Autopilot is great. I love it. But it's barely more than a glorified cruise control. On long freeway drives, I can relax more, I don't touch the steering wheel or pedals, and I could theoretically take my eyes off the road, but I've seen it screw up a few times, so I wouldn't close my eyes and let it do its thing, even on a freeway.

But using it on a road with cross traffic? That is borderline suicidal. I guess the driver figured he has right of way and doesn't need to worry about cross traffic. But that would mean having way too much faith in your fellow drivers, which was clearly misplaced here.

Maybe the problem is that the name "Autopilot" sounds too much like self-driving car and people overestimate its capabilities, but the driver had plenty of experience with Autopilot and posted videos about it before, so I believe it simply boils down to the incorrect assumption that other motorists drive defensively and wouldn't cause a dangerous situation due to negligence. Tesla's Autopilot doesn't do nearly enough predictive modeling to handle that.

Tesla could disable autopilot on all roads that are not suitable for Autopilot. It has mapping data, so it knows what kind of road you're on. This is generally the course of action you need to take if the general public isn't capable of using your product correctly. That would suck though - I sometimes use it on surface roads where I know the characteristics of the road provide enough data for Autopilot, and of course I'm more alert than I would be on a freeway. I'd hate to lose that feature because some people don't understand the limitations of the system.

This isn't a new problem - autopilot on planes has been an issue for decades. Even back in the 90s, autopilot was blamed for confusing pilots and causing crashes. A prominent, more recent example is Air France Flight 447. This is the Paradox of Automation - human interaction becomes more critical in a partially automated system.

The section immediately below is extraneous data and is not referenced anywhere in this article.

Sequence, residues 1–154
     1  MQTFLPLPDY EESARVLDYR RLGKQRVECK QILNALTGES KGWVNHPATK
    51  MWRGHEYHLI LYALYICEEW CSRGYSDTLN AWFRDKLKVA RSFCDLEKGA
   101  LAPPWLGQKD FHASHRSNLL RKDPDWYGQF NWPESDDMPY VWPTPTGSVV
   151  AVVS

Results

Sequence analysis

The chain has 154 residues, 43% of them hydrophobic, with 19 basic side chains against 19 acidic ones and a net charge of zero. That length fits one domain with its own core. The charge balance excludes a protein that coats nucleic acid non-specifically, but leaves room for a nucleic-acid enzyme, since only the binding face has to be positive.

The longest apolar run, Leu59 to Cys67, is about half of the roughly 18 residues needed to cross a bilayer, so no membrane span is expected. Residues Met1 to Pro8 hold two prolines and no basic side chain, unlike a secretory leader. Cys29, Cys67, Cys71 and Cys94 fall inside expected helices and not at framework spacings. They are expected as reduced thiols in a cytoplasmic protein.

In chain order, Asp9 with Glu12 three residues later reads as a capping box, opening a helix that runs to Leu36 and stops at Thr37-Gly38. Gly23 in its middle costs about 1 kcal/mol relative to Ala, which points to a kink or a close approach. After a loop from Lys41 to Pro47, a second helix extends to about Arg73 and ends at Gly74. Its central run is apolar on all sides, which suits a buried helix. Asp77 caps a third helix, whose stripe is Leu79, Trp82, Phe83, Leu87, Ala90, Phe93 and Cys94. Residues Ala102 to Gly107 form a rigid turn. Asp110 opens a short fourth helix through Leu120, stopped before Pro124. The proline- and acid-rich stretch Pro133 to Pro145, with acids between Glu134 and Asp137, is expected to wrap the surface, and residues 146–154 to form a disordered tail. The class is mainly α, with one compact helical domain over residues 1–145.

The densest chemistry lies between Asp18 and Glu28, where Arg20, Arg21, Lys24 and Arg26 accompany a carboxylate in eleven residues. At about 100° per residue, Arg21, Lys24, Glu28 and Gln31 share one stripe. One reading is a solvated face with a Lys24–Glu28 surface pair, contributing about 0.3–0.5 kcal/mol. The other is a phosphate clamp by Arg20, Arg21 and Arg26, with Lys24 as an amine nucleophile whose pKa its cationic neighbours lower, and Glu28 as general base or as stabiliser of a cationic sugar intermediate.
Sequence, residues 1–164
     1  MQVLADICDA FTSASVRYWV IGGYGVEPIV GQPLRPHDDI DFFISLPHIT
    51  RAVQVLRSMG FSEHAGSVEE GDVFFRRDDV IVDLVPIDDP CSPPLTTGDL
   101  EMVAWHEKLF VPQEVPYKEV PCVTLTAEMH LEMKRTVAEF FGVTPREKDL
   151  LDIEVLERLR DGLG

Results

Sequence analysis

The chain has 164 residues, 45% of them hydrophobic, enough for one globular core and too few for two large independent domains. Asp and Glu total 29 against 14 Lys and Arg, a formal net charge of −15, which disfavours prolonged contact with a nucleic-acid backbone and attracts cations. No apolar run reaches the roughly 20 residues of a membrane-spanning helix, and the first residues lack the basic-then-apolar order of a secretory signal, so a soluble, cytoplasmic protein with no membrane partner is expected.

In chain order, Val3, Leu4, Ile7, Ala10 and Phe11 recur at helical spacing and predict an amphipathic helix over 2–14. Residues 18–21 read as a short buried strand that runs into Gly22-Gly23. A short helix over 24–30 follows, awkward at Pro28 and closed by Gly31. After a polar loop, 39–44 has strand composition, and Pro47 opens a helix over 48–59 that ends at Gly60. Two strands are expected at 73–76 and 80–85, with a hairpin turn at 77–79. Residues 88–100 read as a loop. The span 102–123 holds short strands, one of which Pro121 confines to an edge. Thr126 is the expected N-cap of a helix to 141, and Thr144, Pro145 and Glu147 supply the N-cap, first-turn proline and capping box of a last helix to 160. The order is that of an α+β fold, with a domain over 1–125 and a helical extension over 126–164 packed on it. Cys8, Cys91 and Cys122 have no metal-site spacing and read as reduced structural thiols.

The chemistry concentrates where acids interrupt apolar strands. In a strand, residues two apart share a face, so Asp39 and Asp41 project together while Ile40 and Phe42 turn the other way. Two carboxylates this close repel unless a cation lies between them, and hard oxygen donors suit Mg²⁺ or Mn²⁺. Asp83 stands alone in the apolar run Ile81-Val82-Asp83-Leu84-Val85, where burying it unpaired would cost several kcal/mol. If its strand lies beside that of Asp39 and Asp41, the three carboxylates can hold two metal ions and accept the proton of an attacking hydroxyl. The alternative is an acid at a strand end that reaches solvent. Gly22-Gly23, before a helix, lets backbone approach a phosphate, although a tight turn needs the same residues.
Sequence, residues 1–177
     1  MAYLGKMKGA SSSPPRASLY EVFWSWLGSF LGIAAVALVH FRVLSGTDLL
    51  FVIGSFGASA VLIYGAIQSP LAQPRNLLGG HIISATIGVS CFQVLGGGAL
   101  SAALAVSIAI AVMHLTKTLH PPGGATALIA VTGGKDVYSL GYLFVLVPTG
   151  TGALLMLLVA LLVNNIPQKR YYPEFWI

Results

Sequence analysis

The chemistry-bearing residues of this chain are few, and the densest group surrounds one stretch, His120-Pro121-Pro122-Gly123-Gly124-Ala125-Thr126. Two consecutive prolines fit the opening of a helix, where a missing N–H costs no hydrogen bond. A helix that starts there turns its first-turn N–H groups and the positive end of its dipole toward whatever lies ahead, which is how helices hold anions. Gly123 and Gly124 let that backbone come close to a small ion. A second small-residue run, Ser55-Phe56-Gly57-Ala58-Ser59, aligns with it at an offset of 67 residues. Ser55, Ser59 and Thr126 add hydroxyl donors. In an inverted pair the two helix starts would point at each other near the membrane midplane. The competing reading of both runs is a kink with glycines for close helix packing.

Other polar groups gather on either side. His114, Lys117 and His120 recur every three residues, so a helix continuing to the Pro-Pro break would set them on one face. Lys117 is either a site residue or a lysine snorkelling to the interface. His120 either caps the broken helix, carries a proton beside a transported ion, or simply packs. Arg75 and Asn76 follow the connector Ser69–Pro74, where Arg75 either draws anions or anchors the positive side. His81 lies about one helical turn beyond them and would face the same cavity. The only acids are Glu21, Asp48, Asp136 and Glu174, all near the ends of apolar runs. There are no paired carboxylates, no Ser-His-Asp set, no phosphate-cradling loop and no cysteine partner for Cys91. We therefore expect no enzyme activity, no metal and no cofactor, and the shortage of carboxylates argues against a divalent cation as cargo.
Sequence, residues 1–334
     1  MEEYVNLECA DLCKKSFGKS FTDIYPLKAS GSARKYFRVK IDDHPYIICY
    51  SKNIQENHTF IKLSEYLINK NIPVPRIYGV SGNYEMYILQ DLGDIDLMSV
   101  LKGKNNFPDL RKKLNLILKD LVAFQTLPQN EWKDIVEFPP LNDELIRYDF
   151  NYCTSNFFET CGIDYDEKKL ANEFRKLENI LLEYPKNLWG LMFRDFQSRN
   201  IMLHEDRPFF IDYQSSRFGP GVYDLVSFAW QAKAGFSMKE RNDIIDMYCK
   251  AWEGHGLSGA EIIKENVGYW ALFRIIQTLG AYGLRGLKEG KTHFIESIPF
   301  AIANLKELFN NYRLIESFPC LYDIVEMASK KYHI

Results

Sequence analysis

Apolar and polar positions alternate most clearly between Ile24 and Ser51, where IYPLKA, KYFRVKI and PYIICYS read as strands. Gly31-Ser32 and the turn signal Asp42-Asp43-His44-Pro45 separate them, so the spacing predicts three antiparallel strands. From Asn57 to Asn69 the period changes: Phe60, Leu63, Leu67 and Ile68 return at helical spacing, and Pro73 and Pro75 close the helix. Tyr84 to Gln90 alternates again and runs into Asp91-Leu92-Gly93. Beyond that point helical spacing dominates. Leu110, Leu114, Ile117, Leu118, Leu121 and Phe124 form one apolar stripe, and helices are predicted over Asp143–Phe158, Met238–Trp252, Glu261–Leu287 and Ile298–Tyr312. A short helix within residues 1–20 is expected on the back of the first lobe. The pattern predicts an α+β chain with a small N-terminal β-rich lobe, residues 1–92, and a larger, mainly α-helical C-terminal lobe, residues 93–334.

The optimal solution would presumably be for as many vehicles as possible to be fully automated with zero human intervention. Since this is quite a while out, I'm hoping for this:

  • As the technology becomes more ubiquitous, drivers will become more familiar with the limitations of current semi-autonomous cars
  • Better UX design makes it more obvious what the car can and cannot do
  • The technology gradually improves to handle more and more use cases
Just to reiterate the point of Tesla's limited autopilot, let's look at the display:

The car can tell that there's a lane to both the left and the right of the current one, it can tell that the lane is current going straight, it knows the speed limit from the mapping data (although it only uses that to patronize you), it can sense three cars in front... and yeah, that's mostly it. Of course there's more data internally, but what you see here is basically all the information it uses to drive the car.

Now look at a representation of the data Google's self-driving car considers, courtesy of a TED talk by Chris Urmson:

Image credit: Google
Image credit: Google

See the difference? This is the kind of data you need for a fully autonomous car. If you rely on Tesla's autopilot and stop paying attention to the road, the fault is entirely with you.